Tom Sowanick is Co-President and Chief Investment Officer of Omnivest Group, Princeton, N.J.
The frightening fall of global equity markets since July 22 has had the usual effect of engineering fear and panic, which can lead to ill-advised emotional investment decisions. And while it is true that global economic growth has moderated relative to expectations and sovereign credit risk continues to expand, it is also true that the global central bank community is uniting to put a halt to the current bout of financial volatility.
The European Central Bank has stated clearly that it will purchase the sovereign debt of Italy and Spain to contain interest rate costs and stop speculative short-selling. The result, so far, has been quite good, with market yields falling by 100 basis points over the past two days in Italy and Spain.
Over the weekend, the G-7 held an important conference call to discuss how to respond to unwanted market turbulence resulting from the U.S. downgrade by the S&P rating agency late Friday night. Today, the Fed'd Open Market Committee released its decision on monetary policy and “is prepared to employ these tools as appropriate.”
In the meantime, there has been a material decline in commodity prices which also lowered inflation expectations, giving ample leeway for central banks to either lower interest rates or engage in another round of quantitative easing.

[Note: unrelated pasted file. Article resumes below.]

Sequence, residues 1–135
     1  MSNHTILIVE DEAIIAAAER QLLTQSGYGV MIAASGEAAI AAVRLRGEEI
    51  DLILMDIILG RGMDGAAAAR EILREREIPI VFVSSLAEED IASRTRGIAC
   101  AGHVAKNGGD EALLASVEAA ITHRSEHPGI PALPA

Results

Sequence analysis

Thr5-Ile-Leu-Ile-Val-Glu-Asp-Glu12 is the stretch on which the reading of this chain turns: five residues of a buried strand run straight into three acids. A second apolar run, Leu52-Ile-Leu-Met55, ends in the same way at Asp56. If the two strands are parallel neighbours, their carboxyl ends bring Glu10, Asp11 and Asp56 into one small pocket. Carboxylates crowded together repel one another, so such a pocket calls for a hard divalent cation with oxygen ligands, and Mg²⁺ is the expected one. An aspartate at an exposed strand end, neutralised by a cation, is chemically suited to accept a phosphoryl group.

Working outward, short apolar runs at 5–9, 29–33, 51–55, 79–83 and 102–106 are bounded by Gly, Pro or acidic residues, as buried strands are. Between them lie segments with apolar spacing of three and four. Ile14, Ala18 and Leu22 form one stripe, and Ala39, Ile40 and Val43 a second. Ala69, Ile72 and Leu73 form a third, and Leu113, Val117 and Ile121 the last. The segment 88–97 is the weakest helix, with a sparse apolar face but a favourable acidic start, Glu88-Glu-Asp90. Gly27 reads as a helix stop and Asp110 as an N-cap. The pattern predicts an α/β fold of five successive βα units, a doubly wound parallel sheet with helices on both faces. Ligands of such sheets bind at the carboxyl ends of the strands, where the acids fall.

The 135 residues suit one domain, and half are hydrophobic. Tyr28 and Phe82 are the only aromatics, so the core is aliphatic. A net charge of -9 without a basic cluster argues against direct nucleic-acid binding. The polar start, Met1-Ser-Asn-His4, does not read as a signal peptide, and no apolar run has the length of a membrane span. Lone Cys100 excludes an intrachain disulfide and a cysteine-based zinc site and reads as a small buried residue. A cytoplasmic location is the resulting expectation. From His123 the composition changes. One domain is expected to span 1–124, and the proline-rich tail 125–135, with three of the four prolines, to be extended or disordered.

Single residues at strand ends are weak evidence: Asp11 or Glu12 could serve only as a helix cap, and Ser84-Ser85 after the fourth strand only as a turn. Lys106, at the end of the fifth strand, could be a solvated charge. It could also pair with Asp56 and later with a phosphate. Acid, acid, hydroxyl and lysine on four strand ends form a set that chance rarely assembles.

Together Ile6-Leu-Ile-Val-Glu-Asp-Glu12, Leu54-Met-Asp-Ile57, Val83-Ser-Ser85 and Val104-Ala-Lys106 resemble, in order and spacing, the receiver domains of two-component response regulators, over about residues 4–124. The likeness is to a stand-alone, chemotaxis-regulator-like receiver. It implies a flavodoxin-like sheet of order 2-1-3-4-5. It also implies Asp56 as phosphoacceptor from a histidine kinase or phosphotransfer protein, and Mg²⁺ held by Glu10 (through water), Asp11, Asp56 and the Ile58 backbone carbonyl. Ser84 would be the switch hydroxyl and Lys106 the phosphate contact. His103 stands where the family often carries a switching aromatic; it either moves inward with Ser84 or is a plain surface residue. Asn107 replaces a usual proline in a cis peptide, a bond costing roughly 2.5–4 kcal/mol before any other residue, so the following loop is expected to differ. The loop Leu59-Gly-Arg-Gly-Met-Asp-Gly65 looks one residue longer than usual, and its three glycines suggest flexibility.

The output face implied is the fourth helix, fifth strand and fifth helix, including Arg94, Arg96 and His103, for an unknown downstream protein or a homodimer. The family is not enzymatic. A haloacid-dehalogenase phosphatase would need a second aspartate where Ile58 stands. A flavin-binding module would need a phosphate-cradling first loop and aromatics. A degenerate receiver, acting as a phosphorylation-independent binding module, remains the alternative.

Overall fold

Corporate balance sheets are still sitting on approximately $1 trillion in cash, which is considerably higher than in 2008, when the financial panic erupted. The cash cushion and near-record corporate earnings should be sufficient to stabilize global equities.
As of this morning, the forward P/E for the S&P 500 Index was 10.08, the Germany DAX Index, 7.74, Hang Seng Index, 9.11 and the Brazilian Bovespa, at 7.39. Multiples this low are usually associated with panic selling that leads to much oversold market conditions.
In the meantime, the central banks will be very reluctant to normalize interest rates, thus providing ample liquidity to promote asset reflation. Given the soft patch of U.S. growth, we would expect the Federal Reserve to engage in another round of quantitative easing shortly.
What do we do? We would sell the safety of U.S. Treasury debt and move into low-quality corporate debt and low-quality municipal debt. On the equity side, we would increase exposure to emerging equity markets using exchange-traded funds (ETFs).
In the U.S. equity market, we would add to insurance and technology and sell the telecom and utility sectors. Defensive strategies have worked well over the past two weeks.
However, it is now time to exit defensive strategies.
The recent strength of the U.S. dollar and Swiss franc should now give way to the Brazilian real, Mexican peso, Indian rupee and Turkish lira.